Why Did Charles I Fight at Naseby?

Richard Cust reassesses the thinking behind the biggest military blunder of the English Civil War, Charles I’s decision to fight the New Model Army at Naseby in June 1645.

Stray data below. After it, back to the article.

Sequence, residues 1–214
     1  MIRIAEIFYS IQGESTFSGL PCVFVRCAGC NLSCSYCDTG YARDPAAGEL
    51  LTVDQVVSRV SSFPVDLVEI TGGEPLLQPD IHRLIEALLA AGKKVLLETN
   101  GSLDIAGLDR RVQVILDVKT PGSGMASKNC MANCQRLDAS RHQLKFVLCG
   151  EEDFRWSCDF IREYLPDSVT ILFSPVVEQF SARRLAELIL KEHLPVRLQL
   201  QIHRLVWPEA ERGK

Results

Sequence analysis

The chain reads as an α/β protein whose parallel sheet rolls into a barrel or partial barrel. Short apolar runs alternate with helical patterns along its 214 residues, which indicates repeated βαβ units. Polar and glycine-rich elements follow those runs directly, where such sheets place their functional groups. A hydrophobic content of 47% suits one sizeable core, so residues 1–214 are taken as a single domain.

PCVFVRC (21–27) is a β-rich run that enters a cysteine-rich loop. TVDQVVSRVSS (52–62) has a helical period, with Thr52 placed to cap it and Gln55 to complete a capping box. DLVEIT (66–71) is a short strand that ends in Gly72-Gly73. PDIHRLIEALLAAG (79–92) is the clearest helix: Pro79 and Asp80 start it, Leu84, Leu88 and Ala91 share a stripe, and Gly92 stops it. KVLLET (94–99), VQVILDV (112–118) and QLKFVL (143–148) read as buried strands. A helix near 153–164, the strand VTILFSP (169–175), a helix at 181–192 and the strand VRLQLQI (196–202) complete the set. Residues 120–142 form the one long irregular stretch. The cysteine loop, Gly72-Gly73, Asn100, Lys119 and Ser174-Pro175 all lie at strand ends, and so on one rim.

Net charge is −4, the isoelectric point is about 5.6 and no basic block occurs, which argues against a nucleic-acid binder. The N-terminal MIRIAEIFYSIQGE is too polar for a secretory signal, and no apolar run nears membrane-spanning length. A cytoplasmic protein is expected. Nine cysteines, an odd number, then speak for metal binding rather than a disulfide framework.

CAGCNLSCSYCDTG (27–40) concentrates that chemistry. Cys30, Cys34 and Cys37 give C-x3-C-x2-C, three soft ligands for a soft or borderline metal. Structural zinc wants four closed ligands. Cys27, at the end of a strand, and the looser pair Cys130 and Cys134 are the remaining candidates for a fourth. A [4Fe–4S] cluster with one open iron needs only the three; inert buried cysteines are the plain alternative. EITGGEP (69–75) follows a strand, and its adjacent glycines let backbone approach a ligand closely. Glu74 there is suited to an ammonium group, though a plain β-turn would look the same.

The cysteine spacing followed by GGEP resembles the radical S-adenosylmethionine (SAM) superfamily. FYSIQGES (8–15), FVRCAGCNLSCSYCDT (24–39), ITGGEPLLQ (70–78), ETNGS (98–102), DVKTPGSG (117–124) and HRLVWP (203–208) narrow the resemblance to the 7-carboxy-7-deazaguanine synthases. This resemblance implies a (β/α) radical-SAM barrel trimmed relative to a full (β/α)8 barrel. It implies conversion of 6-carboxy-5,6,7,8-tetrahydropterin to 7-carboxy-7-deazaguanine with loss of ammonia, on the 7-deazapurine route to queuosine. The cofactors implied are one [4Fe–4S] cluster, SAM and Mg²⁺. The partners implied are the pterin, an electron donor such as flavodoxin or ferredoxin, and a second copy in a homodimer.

Battle of Naisby [sic], hand-coloured copper engraving by Dupuis after Parrocel, 1727 (for Rapins History, v.2, p. 527)Why did Charles I decide to fight the New Model Army at Naseby on June 14th, 1645? It was arguably the single biggest military blunder of the Civil Wars. The royalist army of between 9,000 and 10,000 men was heavily outnumbered by Fairfax’s force of around 15,000 and went down to a disastrous defeat. It shattered the main field army that Charles had painstakingly assembled for the 1645 campaigning season; condemned him to spend the rest of the summer being chased around the Midlands and the West Country; and gave the New Model Army, which had been formed as recently as February 1645, the impetus and confidence to go on winning victories for the remainder of the conflict. Although the king himself believed he could still win the war after Naseby, with hindsight it can be seen as the turning point in his military fortunes.

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